BACKGROUND: Farmers' markets have been growing in popularity in the United States, but the microbial quality and safety of the food sold at these markets is currently unknown. The purpose of this study was to assess the microbial safety and quality of fresh basil, parsley and cilantro sold at farmers' markets in the Los Angeles, Orange County and greater Seattle areas.
RESULTS: A total of 133 samples (52 basil, 41 cilantro and 40 parsley) were collected from 13 different farmers' markets and tested for Salmonella and generic Escherichia coli. One sample (parsley) was confirmed positive for Salmonella and 24.1% of samples were positive for generic E. coli, with a range of 0.70-3.15 log CFU g(-1). Among the herbs tested, basil showed the highest percentage of samples with generic E. coli (26.9%), followed by cilantro (24.4%) and then parsley (20.0%). For 12% of samples, the levels of generic E. coli exceeded guidelines established by the Public Health Laboratory Service for microbiological quality of ready-to-eat foods.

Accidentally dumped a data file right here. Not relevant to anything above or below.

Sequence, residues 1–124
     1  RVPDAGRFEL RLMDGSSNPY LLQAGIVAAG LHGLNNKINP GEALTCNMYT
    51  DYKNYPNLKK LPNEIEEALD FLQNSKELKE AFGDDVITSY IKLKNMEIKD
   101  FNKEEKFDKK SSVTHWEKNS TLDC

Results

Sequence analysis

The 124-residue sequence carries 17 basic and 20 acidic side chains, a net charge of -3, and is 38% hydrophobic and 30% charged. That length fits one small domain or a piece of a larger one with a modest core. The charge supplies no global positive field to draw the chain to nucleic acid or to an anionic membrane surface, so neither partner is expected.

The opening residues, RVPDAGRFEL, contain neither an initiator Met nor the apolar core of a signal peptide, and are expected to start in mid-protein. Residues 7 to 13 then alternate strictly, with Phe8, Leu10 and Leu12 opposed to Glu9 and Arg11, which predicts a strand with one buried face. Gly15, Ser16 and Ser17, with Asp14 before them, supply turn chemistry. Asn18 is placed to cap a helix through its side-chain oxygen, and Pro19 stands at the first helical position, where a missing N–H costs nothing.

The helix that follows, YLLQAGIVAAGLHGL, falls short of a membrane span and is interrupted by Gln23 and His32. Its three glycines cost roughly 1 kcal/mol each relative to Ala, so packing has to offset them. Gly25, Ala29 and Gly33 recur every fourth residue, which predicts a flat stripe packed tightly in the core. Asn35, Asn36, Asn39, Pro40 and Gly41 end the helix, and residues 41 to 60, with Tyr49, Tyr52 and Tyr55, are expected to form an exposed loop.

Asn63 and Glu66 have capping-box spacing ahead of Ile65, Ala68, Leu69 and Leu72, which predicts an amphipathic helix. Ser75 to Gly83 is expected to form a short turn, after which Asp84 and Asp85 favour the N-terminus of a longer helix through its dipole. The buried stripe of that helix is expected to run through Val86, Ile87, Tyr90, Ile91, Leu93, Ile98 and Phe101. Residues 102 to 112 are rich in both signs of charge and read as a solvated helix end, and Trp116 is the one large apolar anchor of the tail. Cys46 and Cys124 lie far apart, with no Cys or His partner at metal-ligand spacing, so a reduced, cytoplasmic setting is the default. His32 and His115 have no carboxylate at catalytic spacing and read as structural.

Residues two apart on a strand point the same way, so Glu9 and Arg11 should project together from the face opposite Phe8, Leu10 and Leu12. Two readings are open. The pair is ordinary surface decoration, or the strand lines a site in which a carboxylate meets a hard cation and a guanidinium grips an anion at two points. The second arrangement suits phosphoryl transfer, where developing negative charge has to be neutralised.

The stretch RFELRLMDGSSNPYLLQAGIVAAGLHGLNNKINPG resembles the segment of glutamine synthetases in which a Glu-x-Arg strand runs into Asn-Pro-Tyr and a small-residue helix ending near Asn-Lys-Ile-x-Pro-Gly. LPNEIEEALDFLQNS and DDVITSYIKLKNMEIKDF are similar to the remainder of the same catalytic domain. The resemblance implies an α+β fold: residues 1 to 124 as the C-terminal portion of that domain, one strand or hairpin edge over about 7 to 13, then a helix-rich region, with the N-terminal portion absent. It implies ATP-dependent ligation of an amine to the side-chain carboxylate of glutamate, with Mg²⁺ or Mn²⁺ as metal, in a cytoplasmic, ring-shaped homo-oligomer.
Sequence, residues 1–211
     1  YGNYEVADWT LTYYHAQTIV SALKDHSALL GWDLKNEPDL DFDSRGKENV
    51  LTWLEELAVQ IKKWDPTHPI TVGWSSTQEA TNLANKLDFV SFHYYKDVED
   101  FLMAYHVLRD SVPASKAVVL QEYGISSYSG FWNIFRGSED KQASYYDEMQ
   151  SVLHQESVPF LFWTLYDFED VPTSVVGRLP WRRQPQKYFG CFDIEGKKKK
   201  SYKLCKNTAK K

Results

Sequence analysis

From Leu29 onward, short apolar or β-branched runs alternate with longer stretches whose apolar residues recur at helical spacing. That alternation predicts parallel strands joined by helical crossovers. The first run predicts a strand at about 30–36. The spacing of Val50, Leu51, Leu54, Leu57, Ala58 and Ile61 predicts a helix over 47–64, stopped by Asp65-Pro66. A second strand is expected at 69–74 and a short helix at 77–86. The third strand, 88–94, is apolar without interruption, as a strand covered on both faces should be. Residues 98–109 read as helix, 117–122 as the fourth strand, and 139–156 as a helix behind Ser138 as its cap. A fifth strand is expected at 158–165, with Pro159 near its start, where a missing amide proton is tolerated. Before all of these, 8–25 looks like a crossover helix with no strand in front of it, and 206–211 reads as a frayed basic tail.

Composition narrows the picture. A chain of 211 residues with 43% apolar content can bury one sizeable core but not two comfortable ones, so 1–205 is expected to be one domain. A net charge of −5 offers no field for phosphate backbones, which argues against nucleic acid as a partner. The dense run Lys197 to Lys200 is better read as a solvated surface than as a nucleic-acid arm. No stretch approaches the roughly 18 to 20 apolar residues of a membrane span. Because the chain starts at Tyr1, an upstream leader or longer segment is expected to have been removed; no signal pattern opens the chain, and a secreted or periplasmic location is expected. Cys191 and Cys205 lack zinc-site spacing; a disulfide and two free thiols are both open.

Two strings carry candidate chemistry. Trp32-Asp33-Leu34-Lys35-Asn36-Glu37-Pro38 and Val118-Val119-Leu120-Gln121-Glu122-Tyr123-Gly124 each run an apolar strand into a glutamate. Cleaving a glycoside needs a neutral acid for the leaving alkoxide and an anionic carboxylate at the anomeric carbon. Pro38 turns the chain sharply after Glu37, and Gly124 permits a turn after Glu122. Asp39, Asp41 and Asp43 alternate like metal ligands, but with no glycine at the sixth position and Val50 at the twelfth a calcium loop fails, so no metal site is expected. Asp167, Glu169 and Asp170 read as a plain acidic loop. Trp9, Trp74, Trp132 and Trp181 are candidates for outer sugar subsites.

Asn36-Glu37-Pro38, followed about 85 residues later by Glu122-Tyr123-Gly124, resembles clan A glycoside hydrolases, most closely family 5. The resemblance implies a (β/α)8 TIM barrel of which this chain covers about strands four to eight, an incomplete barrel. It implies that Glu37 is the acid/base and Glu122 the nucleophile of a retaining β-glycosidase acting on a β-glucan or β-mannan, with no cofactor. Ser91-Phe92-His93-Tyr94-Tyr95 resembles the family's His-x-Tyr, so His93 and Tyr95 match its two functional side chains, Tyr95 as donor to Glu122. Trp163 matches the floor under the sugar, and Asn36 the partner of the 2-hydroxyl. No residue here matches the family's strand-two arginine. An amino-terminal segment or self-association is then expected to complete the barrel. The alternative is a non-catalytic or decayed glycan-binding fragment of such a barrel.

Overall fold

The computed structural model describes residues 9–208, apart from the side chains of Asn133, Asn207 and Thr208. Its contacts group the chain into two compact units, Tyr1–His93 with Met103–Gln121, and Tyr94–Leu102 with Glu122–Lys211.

CONCLUSION: Overall, this study indicates the presence of Salmonella and generic E. coli in fresh herbs sold at farmers' markets; however, additional studies are needed to determine the sources and extent of contamination.
Levy, D. J., Beck, N. K., Kossik, A. L., Patti, T., Meschke, J. S., Calicchia, M. and Hellberg, R. S. (2015), Microbial safety and quality of fresh herbs from Los Angeles, Orange County and Seattle farmers' markets. J. Sci. Food Agric., 95: 2641–2645. doi: 10.1002/jsfa.6996
Society of Chemical Industry